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Amen … I tell the story about how 50 years ago when I started deer hunting, back when a hundred yard shot was a 'long shot' and 200 yards made you a legend. I planned and eventually decided to build a 500 yard treestand on a high voltage powerline cut through the Catskills. Built the thing, killed some deer, but when my first 300 yard kill presented itself I had a rude awakening. The crosshair was slowly and steadily moving first to the right, then back to the left. At first I was compensating without even noticing. Then I realized what was actually happening. Wind on that side of the mountain was nearly constant too. Another one of those grand plans where some small detail was overlooked. Turned out not to be so small...lol Ever since that day I'm fully aware of tree sway during my shot sequence. It was a great spot and I killed a lot of bucks out of the stand, but a dismal failure for the actual intended purpose.


I've had to climb straight trees so thin for lack of a bigger one that they felt like one of those circus poles that the acrobats sway on...lol Honestly had sea legs for hours after getting home.

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I fell climbing a ladder stand like that many years ago and thought I broke my back! I was close to the top and boot slipped off the ice covered rung,couldn't hang on,so down I went,flat on my back! Had the rifle slung over my back and landed right on it,knocking the wind out of me.....I laid there for about 20 minutes trying to get my breath and figure out what was broke! Turns out,just my pride,LOL. I was hunting alone,no cell back then and only my girlfriend new I was going hunting,but I usually stayed gone most of the day,so wouldn't even have been missed till very late. I was very lucky and learned a lesson that day.....
 

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At 60 yards … a 20mph wind moves a 452fps/400gr arrow 1.58" which isn't enough to cause a problem unless you're taking a brain shot. ;) And 20mph feels like gale force winds when you're hunting. Know what?, the calculator shows the SAME drift for a 447gr arrow. Apparently if you're going to a heavy arrow to allay concerns about wind drift it really isn't a factor. Nothing wrong with heavy arrows if that's your philosophy, but my philosophy is "the faster, the flatter the better."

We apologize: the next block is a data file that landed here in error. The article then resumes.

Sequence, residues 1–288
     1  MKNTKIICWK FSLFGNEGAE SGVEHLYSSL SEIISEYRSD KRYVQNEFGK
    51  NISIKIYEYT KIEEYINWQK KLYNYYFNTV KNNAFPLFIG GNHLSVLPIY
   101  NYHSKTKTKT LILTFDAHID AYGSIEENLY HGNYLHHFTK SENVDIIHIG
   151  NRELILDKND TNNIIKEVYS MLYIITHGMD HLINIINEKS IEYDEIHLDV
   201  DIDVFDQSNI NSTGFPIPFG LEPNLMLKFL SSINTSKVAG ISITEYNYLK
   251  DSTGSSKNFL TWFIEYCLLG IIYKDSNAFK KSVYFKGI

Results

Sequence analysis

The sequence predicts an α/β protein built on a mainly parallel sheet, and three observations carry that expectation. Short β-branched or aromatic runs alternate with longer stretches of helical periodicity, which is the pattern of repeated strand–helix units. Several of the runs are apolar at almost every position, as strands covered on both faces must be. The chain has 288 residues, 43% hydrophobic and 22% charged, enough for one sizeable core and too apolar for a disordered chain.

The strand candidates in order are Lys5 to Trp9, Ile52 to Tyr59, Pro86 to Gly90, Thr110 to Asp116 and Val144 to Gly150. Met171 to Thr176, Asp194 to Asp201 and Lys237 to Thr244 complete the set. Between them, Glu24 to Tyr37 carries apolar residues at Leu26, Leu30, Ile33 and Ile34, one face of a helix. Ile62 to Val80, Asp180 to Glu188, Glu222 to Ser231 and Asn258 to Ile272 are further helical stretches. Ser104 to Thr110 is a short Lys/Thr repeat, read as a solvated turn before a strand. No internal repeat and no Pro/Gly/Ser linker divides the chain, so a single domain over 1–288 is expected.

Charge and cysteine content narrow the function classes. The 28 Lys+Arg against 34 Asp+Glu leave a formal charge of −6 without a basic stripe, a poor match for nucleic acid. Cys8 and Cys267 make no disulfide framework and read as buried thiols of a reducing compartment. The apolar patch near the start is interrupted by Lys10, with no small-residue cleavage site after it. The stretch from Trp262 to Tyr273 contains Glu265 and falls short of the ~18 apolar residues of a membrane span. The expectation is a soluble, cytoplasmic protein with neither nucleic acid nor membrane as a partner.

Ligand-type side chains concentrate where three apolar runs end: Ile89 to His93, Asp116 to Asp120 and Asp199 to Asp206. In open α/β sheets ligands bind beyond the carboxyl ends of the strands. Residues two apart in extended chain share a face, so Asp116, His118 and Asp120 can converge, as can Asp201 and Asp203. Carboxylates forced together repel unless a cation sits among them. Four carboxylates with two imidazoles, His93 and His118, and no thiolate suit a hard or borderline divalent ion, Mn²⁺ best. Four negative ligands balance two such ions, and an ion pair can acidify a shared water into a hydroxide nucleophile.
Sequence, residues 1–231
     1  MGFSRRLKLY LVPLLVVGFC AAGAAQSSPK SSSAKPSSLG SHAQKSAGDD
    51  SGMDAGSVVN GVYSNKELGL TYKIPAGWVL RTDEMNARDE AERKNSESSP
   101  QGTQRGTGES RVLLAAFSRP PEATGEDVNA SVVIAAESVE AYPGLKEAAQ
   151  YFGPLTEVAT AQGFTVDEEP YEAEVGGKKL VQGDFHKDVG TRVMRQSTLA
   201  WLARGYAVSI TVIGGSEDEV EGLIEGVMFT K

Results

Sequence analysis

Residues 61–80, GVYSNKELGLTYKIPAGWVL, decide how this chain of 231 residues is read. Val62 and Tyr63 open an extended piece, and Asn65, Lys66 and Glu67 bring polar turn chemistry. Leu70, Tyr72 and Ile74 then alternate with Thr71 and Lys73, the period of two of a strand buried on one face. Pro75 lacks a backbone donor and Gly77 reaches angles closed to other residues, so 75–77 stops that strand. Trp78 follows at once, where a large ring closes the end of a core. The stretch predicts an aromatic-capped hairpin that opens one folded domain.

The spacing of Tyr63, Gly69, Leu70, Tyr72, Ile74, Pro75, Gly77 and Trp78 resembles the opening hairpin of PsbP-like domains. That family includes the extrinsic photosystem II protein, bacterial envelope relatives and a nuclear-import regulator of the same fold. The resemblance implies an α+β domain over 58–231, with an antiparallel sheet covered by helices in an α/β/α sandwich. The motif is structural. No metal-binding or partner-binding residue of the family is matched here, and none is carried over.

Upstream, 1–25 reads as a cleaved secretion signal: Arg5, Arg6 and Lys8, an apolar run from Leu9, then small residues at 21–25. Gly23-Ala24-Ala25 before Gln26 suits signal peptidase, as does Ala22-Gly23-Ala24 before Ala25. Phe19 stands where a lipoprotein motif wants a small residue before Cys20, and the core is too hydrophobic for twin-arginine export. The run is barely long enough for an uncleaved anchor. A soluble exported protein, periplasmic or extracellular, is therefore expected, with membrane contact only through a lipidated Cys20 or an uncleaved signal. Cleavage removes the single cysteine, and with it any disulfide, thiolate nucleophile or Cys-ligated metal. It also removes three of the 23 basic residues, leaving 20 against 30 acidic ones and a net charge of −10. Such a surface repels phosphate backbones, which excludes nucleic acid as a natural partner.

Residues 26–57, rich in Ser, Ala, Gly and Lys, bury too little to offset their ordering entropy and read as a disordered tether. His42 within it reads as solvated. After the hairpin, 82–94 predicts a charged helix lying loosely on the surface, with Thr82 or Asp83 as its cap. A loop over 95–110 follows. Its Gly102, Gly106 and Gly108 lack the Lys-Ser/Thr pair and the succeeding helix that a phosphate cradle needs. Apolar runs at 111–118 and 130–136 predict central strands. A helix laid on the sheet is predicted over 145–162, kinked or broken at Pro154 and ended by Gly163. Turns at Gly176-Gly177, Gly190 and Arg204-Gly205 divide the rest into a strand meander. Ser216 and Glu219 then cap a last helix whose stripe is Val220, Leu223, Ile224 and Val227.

Increase that 40 mph plus, and even at 40 yards you better know as Steve said just what to expect! Add helical to it, and you just changed it even more!

Like SEW said, if you don't practice in the same conditions you hunt in,, your probably going to have incidents where your NOT PREPARED!!

Charts and ballistic tables are not set in stone, to many variables to get lost in the facts of their outcome! I believe in whatever you shoot, get it off a table and learn to shoot it, and that means in every condition,, and if you think a tree sways in a 20 mph wind, add some gusting to it, witness how much you sway standing unsupported! Trust him when he says it is important to practice the same way you hunt!

This deer was only 42 yards, but in a 35 to 40 mph gusts coming from the west, and taking the shot to the south of my position, I was well rewarded by understanding I needed hold off to the right into the wind,, I held at the very front of his chest and watched the firenock start wide and drift slightly more than I had wanted! But will assure everyone had I held the front of the shoulder a liver would probably been missed and nothing but guts. That would have resulted in hours of tracking and probably all for not!


I have seen even rifle shooters blame their scopes when they experience a POI change that is caused by the conditions and trying to convince themselves that a high powered CF can't be affected at 100 yards running 3000 fps or more,,,,,, BS sight in a left to right, then a few days later shoot in a right to left,,, and 20 mph can cause over 1" difference in POI, and those that continually chase it will never learn anything!

Apply that same scenario to a crossbow even at 450 fps and it can spell disaster, increase it to a 30 or 40 mph gust and see ya, you'd be extremely lucky recovering that deer taking a dead on shot with a 9" drift at 40 yards,, add rt helicle and your probably now high and more like 11 or 12 inches left of aim! PRACTICE LIKE YOU HUNT! get that contraption off the bags and shoot on bad days, that whats makes shooters shootist's!
 

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I thought that is one of the reasons for sitting up high in a tree stand, to keep the wind from carrying your scent on a level plane with the animal your hunting after ?
The higher up you are, the less chance you will be detected... correct ?
Not necessarily. It depends on the wind direction. I found that when winds are strong I get busted less when I find those key areas for a ground sit plus its safer and your scent doesnt carry as far. Some areas the wind swirls a lot too and ground sits are the ticket if you find the right location. I ground hunt probably more than I hunt in a tree stand. I've shot more deer and almost every one of my bigger buck from the ground.